Arafat was stubbornly against the idea, explaining that "he could not put any laws or other obstacles in the way of the Palestinian struggle against Israel" [(1) p .28]. The Romanian dictator continued to unravel his plan, "There is no doubt in my mind," Ceausescu said sympathetically, "that a war of terror is your only realistic weapon. In the shadow of your government-in-exile you can keep as many operational groups as you want, as long as they are not publicly connected with your name. They could mount endless operations all around the world, while your name and your 'government' would remain pristine and unspoiled, ready for negotiations and further recognition" [(1) p. 28].

After reading these excerpts one must admit that Arafat has brilliantly brought Ceausescu's ideas to life. He has even enhanced them. Hamas, Hizballah, Tanzim, Islamic Jihad and other terrorist groups mount endless operations against Israel, while Arafat's Palestinian Authority remains pristine and unspoiled, ready for "peace" negotiations. Israel and the West are hypnotized by this "terrorist-reborn-political-leader" who keeps telling them that he strives for the "peace of the brave."

It seems they are unaware that General Munteanu, chief Romanian Middle East expert, who spent countless hours in conversations with Arafat, said of him that "Arafat tells a lie in every sentence" [(1) p. 93]. There is only one exception to this - only one case in which he tells the truth. This happens when he speaks about Israel. As General Munteanu noticed, "His hatred of Israel is literally in his blood" [(1) p. 96]. Arafat himself never really tries to hide it. Pacepa writes that attempts to convince Arafat to compromise on the issue of the government-in-exile were in vain. During one of the meetings Arafat exploded,

"I'll never compromise. I cannot and I will not. I am a revolutionary. I have dedicated my whole life to the Palestine cause and the destruction of Israel. I will not change or compromise. I will not agree with anything that recognizes Israel as a state. Never. Nobody, neither friend nor foe, can force me to compromise" [(1) p. 92].

The Jewish state has learned through the so-called "peace process" that Arafat told Pacepa the truth. While Israeli leaders continued to hope that they could come up with some kind of formula that would allow them to "give something" to Arafat and to "keep something" for themselves, Arafat rejected all compromises and unleashed the hounds of terror against them.

It is ironic that another President, this time American President Bill Clinton, also wanted to become a Nobel Peace Prize winner by bringing Arafat and Israel together. His obsession with this idea dramatically endangered the Jewish state's already precarious position. Benjamin Netanyahu admitted on May 10 in an interview with Russian radio "Sedmoy kanal" that the Clinton administration pressured him terribly for compromises, without understanding that the word "compromise" does not exist in the Arab dictionary.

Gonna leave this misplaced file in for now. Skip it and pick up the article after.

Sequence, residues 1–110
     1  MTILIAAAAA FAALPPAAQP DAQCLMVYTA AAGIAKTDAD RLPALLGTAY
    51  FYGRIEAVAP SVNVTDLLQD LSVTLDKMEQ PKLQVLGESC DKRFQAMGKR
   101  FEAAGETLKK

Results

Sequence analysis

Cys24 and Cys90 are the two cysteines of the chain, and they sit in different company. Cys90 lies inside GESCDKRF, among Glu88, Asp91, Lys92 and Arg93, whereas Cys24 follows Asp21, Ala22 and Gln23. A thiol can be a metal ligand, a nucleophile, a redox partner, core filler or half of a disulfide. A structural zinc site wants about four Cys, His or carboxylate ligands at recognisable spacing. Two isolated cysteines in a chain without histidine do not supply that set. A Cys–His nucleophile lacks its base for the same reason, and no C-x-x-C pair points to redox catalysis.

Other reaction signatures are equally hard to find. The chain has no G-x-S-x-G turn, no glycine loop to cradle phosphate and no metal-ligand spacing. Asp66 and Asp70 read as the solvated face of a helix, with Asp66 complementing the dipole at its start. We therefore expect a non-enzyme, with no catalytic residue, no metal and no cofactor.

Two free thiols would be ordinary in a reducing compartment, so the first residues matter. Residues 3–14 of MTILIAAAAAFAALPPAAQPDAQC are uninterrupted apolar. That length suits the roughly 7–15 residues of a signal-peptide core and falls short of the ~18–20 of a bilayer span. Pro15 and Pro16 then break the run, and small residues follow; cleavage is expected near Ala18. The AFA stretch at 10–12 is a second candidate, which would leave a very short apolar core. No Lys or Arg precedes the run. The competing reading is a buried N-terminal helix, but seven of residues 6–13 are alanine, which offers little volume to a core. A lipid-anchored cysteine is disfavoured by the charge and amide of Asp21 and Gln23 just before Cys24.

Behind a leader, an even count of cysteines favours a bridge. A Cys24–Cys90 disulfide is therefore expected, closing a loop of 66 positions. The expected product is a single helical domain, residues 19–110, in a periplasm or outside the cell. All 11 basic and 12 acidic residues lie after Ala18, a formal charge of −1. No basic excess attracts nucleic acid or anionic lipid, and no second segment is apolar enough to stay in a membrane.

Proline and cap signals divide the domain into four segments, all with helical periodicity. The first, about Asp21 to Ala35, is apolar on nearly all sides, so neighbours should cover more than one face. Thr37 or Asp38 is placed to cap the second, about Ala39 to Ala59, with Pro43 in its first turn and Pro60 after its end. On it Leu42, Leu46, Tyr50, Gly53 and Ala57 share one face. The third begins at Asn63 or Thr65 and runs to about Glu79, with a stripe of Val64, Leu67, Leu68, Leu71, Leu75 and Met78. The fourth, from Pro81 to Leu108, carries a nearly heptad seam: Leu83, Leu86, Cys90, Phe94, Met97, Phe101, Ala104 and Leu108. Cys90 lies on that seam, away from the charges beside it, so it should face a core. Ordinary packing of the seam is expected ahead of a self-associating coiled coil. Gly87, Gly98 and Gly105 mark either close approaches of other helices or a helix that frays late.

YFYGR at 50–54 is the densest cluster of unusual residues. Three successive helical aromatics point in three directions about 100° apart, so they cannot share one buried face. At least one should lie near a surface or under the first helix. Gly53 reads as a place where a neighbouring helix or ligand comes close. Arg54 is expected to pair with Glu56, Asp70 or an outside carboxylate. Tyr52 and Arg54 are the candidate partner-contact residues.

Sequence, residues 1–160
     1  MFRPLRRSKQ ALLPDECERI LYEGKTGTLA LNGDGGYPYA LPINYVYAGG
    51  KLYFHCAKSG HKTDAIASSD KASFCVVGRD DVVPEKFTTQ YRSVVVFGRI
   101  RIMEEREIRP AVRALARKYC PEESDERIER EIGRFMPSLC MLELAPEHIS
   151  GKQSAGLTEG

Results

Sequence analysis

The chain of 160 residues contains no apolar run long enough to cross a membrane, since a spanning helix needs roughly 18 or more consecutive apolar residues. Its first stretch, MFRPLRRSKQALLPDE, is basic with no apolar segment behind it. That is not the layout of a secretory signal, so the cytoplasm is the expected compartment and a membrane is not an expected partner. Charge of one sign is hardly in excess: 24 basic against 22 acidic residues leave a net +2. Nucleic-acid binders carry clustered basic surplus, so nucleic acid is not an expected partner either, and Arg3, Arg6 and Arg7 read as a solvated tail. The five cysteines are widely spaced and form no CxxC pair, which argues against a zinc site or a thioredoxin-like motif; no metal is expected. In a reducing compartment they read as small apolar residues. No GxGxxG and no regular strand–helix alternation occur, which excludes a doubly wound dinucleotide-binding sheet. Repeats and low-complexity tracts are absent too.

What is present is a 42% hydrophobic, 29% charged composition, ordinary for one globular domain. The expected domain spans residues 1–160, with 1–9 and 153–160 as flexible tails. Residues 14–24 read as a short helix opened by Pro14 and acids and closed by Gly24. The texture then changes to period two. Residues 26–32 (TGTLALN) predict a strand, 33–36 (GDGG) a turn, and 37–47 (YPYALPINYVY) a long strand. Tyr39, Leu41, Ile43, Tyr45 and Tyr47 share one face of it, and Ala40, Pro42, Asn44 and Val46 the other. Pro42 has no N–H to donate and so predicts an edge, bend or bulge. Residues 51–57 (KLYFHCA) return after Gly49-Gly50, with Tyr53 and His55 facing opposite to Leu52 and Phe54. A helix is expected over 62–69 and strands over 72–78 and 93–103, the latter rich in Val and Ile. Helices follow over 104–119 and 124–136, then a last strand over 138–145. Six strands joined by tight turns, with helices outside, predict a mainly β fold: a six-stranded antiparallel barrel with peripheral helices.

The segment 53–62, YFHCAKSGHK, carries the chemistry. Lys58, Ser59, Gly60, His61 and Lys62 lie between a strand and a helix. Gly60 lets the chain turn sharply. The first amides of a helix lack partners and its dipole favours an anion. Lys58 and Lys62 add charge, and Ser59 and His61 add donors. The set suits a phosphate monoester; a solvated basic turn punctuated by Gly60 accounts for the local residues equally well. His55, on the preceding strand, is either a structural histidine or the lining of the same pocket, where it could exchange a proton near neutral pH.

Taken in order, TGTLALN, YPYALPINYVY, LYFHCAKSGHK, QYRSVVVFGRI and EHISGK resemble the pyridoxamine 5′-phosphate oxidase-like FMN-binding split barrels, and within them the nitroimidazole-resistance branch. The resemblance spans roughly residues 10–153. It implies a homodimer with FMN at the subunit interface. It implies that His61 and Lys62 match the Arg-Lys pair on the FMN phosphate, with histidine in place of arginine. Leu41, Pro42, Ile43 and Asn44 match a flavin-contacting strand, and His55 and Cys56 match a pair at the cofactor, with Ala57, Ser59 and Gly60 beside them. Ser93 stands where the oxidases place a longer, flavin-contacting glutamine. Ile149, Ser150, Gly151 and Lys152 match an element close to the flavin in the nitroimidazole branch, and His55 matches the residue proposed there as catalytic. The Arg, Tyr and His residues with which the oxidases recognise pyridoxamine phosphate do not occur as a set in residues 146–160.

On May 3, Prime Minister Ariel Sharon's Bureau had issued the following statement, "The current attacks are the result of a strategic decision by Arafat. The organizations subject to Arafat - including Fatah, Hamas, Islamic Jihad and Hizballah - understand that they have a 'green light' to continue attacks against Israel."

On May 16 Israeli Public Security Minister Uzi Landau told Reuters Television in New York, "You have a clear decision by the Palestinian Authority to step up terrorist activities until by violent means they will be able to push us around and extract concessions that we are not prepared to do."

Ze'ev Schiff wrote on May 8 in "Ha'aretz" that:

"Despite the American statement, which was critical of Israel's actions, Bush knows for a fact that Palestinian Authority Chairman Yasser Arafat is the individual who is primarily responsible for the violence and that he is actually the initiator of that violence. Arafat's standing in the eyes of both the Washington administration and Congress is extremely low.

All this put together means that Israel has no more excuses for inaction. After seven and a half years of constant concessions, after Palestinian Arab terror activity that has killed almost 600 Jews and maimed several thousands, Israel must act. The truth must be spoken to the world. Arafat is a terrorist. The PLO is a terrorist gang. They must be eradicated. This can be done only through military force. The sooner, the better. 05/18/01

NOTE:

1. Lt. Gen. Ion Mihai Pacepa, "Red Horizons," Regnery Gateway, Washington D.C., 1987.

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Boris Shusteff is an engineer. He is also a research associate with the Freeman Center for Strategic Studies.